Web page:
Ask the Times: Ants! 


Q: My house, even my roof, is crawling in ants, and our exterminator has not been able to control them. He says they are odorous house ants, but I call them obnoxious. Has there been a jump in ant populations this year? I'm not the only one having this trouble.

A: Dr. John Hopkins is an associate professor at the University of Arkansas and an Extension Entomologist for urban pests. He says, no, there are no more ants this year than any year. Ant populations remain pretty stable. Your problem, he says, is you are "in the wrong place at the wrong time."

And no, you are not living atop a giant ant colony like the one in Japan inhabited by 306 million worker ants and a million queen ants, though it may seem like it. Probably your problem is honeydew — which is the sugary substance that insects with piercing mouth parts like aphids and white flies excrete after they suck the juices from your flowers, plants and trees. So if you live in a yard with flowers, plants and trees, and they are close to your house, you are feeding your ants. Hopkins is optimistic your pest person will get the odorous ants under control eventually.

They are called odorous ants (Tapinoma sessile), by the way, because of the way they smell when you crush them. Some describe the smell as like rotting coconut or a blue cheese. The ants are also called "stink ants" and "coconut ants."

Just be glad you don't live along the Texas gulf coast and have crazy ants, an invasive ant that will cover you up if you stand still in your yard in, say, Galveston. Crazy ants don't like our climate, Hopkins says, so while these ants may be driving you crazy, they are not crazy ants. Crazy ants, armed with the ability to spray formic acid on their enemies, including fire ants, are bad news for animals, like birds, who rely on the insects they kill for food.


From the ArkTimes store

Comments (2)

Showing 1-2 of 2

Add a comment

Subscribe to this thread:
Showing 1-2 of 2

Add a comment

Readers also liked…

Most Shared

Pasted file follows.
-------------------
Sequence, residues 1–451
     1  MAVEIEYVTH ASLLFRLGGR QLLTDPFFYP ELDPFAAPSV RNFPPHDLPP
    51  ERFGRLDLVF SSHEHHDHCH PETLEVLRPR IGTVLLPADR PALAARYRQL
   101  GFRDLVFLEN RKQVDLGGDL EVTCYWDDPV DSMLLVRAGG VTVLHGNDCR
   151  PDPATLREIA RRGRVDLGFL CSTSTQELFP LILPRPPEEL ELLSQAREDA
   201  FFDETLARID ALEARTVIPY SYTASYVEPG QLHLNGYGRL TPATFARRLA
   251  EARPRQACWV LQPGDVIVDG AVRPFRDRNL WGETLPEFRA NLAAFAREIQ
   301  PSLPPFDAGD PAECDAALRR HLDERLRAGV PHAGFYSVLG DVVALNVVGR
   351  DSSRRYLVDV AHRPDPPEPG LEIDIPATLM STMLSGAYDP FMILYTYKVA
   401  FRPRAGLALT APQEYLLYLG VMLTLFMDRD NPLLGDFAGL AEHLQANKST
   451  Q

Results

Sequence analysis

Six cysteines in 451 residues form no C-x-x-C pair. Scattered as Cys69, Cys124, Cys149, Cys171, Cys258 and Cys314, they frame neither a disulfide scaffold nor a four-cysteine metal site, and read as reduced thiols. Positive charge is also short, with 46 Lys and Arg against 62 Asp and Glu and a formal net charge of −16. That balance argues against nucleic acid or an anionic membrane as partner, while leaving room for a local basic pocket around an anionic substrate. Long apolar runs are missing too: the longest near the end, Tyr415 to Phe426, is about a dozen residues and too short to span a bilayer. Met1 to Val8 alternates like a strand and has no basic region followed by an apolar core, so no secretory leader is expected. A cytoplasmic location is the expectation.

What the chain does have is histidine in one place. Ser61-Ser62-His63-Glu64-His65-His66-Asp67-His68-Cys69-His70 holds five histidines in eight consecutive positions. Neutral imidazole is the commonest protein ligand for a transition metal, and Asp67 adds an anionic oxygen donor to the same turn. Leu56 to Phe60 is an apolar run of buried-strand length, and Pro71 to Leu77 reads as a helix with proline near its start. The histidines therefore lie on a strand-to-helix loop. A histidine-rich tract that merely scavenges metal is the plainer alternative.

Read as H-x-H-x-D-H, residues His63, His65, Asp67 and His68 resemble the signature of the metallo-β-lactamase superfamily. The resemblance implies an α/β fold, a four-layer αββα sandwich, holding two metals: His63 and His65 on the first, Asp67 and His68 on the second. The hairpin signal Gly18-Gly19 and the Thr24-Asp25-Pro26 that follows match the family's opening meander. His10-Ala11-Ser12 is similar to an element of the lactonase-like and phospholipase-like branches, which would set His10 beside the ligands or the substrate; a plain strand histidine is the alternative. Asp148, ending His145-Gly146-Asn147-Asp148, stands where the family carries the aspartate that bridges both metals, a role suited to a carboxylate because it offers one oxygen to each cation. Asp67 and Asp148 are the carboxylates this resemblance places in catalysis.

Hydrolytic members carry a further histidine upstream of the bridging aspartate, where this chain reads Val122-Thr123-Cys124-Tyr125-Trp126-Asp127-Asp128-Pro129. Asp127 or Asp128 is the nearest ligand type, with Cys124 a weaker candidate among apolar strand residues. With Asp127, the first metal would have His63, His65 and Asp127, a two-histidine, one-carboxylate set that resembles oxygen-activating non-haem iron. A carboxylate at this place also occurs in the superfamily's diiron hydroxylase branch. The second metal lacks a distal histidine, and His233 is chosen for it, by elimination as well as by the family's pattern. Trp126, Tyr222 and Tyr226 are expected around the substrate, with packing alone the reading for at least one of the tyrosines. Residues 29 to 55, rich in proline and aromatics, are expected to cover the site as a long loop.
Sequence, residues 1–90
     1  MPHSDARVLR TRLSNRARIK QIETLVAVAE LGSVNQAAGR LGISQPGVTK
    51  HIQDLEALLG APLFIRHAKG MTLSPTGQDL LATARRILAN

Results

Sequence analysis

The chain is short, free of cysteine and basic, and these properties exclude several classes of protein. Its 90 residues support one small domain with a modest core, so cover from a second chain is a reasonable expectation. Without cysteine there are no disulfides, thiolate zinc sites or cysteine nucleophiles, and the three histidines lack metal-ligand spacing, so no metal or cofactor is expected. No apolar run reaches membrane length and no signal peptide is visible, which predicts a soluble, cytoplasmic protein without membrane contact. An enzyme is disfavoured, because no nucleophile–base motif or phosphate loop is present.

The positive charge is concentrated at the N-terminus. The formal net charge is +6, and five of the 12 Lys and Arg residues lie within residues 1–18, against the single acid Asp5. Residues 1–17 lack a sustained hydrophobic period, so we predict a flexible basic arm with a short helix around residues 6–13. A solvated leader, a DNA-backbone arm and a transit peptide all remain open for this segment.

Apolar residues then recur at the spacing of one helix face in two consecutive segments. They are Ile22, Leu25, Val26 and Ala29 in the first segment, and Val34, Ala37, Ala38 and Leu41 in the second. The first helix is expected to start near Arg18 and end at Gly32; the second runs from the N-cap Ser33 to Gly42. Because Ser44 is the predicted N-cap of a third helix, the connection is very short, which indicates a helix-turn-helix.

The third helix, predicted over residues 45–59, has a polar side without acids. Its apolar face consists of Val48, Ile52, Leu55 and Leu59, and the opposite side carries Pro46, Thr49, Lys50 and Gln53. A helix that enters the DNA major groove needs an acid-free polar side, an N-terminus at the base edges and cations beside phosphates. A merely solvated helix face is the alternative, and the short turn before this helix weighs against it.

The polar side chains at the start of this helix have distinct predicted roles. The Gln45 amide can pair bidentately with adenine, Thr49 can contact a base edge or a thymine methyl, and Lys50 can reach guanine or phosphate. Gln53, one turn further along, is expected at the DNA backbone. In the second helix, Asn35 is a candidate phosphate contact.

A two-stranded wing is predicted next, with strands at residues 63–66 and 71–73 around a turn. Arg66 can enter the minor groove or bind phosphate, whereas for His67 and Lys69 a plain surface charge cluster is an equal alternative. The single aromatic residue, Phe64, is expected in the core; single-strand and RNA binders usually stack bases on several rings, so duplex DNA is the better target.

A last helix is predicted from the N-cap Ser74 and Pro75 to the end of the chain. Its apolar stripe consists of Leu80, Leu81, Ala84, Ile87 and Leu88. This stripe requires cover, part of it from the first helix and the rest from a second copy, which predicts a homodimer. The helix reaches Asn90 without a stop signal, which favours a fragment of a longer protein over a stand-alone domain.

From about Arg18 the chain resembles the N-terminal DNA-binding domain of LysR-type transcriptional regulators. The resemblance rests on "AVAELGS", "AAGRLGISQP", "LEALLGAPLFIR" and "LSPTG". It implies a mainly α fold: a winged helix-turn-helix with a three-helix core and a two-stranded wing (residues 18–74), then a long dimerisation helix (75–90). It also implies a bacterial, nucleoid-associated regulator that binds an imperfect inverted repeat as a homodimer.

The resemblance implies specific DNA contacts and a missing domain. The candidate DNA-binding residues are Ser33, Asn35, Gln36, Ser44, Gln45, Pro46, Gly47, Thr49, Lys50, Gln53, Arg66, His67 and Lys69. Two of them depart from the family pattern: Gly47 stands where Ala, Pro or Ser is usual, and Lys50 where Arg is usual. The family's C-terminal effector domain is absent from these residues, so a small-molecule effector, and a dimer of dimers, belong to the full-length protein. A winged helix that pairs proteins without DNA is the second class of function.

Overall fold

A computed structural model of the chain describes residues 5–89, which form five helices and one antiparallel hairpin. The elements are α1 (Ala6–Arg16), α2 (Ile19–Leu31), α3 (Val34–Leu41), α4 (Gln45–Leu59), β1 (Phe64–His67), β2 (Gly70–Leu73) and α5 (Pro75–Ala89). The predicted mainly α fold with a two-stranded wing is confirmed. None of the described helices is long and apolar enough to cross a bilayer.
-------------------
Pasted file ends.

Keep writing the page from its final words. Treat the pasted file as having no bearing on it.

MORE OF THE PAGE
• 'Cemetery angel' Ruth Coker Burks featured in new short film

    Ruth Coker Burks, the AIDS caregiver and activist memorably profiled by David Koon as the cemetery angel in Arkansas Times in 2015, is now the subject of a short film made by actress Rose McGowan.
  • Buyer remorse

    Out here in flyover country, you can't hardly go by the feed store without running into a reporter doing one of those Wisdom of the Heartland stories.
  • Not Whitewater

    Just think: If Democrats had turned out 78,000 more votes in three states in November, people could be reveling today in the prospect of impeaching and convicting President Hillary Clinton, not Donald Trump, as some Republican lawmakers had promised to try to do if she won.
  • Head-shaking

    Another edition of so-much-bad-news-so-little space.

Latest in The Big Picture

Event Calendar

« »


2 3 4 5 6 7 8
9 10 11 12 13 14 15
16 17 18 19 20 21 22
23 24 25 26 27 28 29
30 31  

Most Viewed

  • Parole and politics

    Will another high-profile crime derail parole reform?
  • Twenty

    Forgive The Observer a public love letter, Dear Reader. A gentleman never kisses and tells, but he is allowed to swoon a bit, and so we will. Last week made 20 years since we wed our beloved in her grandpa's little church way down in El Dorado, two dumb kids with nothing but our lives stretching out before us like an open road.
  • For universal health care

    While the U.S. Senate twists itself into a pretzel not passing a health care bill, I'm pleased to see that more and more people are looking seriously at universal health care.
  • 2017 Best of Arkansas editors' picks

    Pie, dog-chasing-geese watching, wrecked groceries, etc.
  • Best of Arkansas 2017

    Cream of the shops, and more

Most Recent Comments


© 2017 Arkansas Times | 201 East Markham, Suite 200, Little Rock, AR 72201
Powered by Foundation